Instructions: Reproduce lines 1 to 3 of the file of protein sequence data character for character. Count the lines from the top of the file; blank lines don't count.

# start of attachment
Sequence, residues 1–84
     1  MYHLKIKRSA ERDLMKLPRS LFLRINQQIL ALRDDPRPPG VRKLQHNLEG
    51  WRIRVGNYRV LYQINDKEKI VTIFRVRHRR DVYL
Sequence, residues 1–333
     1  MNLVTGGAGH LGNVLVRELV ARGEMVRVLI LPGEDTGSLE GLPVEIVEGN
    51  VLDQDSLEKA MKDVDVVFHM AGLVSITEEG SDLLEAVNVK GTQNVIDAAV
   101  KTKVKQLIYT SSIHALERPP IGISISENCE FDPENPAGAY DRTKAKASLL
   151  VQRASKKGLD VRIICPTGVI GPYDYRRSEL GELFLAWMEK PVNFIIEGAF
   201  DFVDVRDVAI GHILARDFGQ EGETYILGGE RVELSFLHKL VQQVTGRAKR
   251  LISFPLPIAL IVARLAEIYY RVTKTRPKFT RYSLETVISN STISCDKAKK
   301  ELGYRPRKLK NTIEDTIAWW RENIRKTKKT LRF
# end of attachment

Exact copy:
Sequence, residues 1–84
     1  MYHLKIKRSA ERDLMKLPRS LFLRINQQIL ALRDDPRPPG VRKLQHNLEG
    51  WRIRVGNYRV LYQINDKEKI VTIFRVRHRR DVYL